Work in Sports
U.S. medley teams race to world records
SYDNEY, Australia (AP) -- U.S. relay teams sets two world records Saturday on the final day of the Olympic swimming competition to bolster their domination over the host Aussies.
Inge de Bruijn of the Netherlands, already the world's fastest woman sprinter, won the 50-meter freestyle Saturday for her third individual Olympic gold.
Fifty freestyle champion Gary Hall Jr. anchored the United States to a world-record victory in the 400-meter medley relay after the American women also set a world medley relay mark.
The team of triple gold medalist Lenny Krayzelburg, Ed Moses, Ian Crocker and Hall won in 3 minutes, 33.73 seconds, lowering the mark of 3:34.84 set by Americans at the 1996 Atlanta Games.
The United States won 33 medals, including 14 golds, during the eight-day meet in which 14 world records were set or tied at the Sydney International Aquatic Center. The host Australians claimed 18 medals and five golds.
Jenny Thompson won her eighth career relay gold -- her 10th medal overall -- as the United States cruised to a world record of 3:58.30 in the 400 meley relay.
B.J. Bedford, Megan Quann, Thompson and Dara Torres erased the mark of 4:01.67 set by China at the 1994 world championships.
The Americans got the best of the Aussies in both medley relays. Australia's men and women had to settle for silver. The American women went 3-0 against their Aussie counterparts in the relays, while the U.S. men were 1-2.
With eight gold medals -- all in relays -- Thompson ended her swimming career one short of gymnast Larissa Lathynina of the former Soviet Union for most golds by a woman.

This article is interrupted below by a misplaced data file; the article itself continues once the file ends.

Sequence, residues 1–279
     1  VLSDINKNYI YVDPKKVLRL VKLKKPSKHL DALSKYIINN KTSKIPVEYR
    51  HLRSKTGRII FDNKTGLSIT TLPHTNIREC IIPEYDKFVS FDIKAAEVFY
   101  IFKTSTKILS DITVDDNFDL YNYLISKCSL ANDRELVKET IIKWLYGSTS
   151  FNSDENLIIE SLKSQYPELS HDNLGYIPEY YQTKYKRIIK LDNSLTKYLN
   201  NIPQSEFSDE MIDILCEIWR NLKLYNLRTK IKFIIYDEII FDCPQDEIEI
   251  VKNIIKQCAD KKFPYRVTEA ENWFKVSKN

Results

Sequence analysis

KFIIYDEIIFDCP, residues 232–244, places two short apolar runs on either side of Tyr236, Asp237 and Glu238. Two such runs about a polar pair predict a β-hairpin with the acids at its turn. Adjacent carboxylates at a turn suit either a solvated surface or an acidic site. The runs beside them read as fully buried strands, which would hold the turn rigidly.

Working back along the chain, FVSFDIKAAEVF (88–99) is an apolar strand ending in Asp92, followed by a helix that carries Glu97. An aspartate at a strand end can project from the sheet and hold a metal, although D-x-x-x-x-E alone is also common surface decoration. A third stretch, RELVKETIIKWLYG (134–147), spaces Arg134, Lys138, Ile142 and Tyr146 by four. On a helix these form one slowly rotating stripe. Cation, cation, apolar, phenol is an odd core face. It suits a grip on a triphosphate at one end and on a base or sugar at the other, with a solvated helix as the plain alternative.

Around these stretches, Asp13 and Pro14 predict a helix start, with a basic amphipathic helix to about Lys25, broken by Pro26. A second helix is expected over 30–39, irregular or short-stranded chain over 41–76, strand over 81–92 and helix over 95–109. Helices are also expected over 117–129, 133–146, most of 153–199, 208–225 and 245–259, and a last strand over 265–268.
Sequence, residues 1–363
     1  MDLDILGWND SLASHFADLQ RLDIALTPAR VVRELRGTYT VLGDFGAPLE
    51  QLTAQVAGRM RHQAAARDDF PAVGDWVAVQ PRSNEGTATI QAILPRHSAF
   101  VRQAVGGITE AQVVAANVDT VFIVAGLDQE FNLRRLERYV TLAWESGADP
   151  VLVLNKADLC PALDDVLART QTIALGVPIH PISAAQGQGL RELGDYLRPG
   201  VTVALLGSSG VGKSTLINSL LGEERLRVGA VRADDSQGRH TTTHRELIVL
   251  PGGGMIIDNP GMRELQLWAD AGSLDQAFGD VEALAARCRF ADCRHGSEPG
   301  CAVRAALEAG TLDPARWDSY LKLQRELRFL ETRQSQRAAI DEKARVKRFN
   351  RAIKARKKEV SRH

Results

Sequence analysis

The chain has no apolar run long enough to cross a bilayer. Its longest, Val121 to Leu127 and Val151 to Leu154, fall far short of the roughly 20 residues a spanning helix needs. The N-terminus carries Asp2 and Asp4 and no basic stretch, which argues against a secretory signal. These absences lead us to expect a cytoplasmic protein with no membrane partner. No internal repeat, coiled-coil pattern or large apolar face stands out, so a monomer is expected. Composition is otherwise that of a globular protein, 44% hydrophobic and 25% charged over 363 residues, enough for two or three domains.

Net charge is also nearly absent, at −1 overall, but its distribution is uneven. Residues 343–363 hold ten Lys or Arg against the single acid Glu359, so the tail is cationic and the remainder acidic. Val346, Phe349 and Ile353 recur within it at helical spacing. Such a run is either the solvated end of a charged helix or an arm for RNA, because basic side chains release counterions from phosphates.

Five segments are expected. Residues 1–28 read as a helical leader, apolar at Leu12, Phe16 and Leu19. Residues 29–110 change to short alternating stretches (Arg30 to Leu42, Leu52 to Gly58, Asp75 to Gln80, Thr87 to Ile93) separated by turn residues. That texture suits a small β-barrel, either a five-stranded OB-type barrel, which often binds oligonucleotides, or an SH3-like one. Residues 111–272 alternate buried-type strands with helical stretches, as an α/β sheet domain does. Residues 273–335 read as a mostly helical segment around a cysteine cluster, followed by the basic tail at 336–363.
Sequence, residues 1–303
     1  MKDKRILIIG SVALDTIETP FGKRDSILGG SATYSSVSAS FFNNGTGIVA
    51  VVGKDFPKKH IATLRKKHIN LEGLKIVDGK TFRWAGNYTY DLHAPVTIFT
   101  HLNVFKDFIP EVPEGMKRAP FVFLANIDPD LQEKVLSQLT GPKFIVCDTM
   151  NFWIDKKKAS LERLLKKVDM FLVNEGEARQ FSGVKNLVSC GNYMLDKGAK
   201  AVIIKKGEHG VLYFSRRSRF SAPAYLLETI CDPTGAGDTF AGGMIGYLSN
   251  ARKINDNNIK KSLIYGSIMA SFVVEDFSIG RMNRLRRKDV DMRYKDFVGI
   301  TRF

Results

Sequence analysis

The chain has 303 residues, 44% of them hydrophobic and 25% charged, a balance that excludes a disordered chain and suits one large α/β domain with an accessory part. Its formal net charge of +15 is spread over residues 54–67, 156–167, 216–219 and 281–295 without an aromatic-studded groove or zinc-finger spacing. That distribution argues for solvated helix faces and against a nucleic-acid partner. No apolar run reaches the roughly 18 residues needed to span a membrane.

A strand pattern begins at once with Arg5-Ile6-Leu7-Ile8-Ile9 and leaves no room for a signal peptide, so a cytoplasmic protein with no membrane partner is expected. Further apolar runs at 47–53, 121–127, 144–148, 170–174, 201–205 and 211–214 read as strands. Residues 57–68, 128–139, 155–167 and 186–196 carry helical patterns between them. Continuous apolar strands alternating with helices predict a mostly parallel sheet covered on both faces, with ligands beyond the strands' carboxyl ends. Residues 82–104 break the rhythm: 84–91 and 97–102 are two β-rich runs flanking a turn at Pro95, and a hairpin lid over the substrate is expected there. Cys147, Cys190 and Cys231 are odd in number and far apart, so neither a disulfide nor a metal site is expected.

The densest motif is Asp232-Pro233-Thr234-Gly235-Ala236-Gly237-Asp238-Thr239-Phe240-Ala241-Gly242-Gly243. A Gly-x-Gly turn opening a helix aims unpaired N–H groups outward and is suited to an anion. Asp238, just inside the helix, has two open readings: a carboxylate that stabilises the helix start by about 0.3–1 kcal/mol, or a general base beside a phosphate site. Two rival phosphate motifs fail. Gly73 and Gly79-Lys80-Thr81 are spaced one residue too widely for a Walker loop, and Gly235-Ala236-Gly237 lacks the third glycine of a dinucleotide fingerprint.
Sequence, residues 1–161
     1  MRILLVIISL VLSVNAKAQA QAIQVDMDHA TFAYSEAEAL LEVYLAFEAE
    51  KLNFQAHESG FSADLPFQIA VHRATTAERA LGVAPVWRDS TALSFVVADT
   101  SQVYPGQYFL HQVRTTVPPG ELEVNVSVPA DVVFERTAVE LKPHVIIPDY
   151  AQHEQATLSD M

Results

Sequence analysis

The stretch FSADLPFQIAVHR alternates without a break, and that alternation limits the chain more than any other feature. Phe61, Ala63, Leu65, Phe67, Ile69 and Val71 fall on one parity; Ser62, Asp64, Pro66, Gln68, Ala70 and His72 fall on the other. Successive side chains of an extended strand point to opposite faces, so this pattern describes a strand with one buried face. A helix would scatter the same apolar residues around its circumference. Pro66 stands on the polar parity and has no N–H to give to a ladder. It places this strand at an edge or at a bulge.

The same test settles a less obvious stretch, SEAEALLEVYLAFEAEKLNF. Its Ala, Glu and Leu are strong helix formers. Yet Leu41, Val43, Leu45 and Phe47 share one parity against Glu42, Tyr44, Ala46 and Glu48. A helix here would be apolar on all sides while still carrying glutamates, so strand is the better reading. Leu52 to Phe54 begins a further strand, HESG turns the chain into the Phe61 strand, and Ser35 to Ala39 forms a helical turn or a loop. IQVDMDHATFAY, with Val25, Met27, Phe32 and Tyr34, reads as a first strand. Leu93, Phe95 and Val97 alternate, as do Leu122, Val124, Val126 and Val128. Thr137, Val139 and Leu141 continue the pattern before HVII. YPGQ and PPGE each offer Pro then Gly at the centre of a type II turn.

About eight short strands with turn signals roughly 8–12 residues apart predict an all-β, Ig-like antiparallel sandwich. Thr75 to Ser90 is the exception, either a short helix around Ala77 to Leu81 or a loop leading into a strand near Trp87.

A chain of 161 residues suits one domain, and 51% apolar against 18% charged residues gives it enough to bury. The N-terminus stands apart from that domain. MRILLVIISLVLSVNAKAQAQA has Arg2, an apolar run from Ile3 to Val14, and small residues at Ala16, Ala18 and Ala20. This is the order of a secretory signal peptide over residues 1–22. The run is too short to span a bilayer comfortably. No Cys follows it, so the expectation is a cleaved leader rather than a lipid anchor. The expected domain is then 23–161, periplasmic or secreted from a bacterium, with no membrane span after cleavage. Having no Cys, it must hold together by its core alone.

She tied Torres for bronze in the 100 freestyle in Sydney, and won silver in the 100 freestyle at the 1992 Olympics.
De Bruijn swam 24.32 seconds -- .19 seconds over the world record she set in Friday's semifinals.
"I'm floating on a big cloud," De Bruijn said. "I hope I don't land for a long time."
Grant Hackett continued the Australian distance swimming legacy established by countryman Kieren Perkins, winning the grueling 1,500 freestyle in 14 minutes, 48.33 seconds.
Perkins, trying to become the first male swimmer to win the same individual Olympic event three times, took silver. The Aussies went 1-2 in the event for an unprecedented third straight Olympics.
Chris Thompson of the United States finished third, earning the first medal in the event since the United States went 1-2 in 1984.
Hackett and Perkins were spurred by chants of "Aussie! Aussie!" during the 1,500. Perkins never got in front of Hackett, finishing in 14:53.59. He surrendered the title he won in 1992 and again in '96, when he was the underdog who qualified slowest in Lane 8.
In the women's 50 freestyle, Therese Alshammar of Sweden took silver in 24.51 seconds, finishing behind De Bruijn for the second time in two days. The Swede was runner-up in the 100 freestyle.
American Dara Torres won bronze in 24.63. American Amy Van Dyken, the defending Olympic champion, was fourth in 25.04.
De Bruijn set world records in winnin the 100 freestyle and 100 butterfly at these games. She also anchored the Dutch 400 freestyle relay team to silver.
"I knew I could do great, but I didn't know if I would do three gold medals," she said. "It's easy for the outsiders to predict three gold medals, but you still have to do it. You're all alone up there. You've got to do it yourself."
Torres, who at 33 was swimming in her fourth Olympics after taking a seven-year break from the pool, earned her third individual bronze. She was third in the 100 butterfly and tied teammate Jenny Thompson in the 100 freestyle. She also was part of the world record-setting 400 freestyle relay.
Van Dyken, who won her fifth career gold in the 400 freestyle relay, was coming off two shoulder surgeries closed her career with Saturday's race.
"It's the last time I'll see the pool as a competitor. It's hard, you know," she said. "I was a lot more emotional than I thought I would be."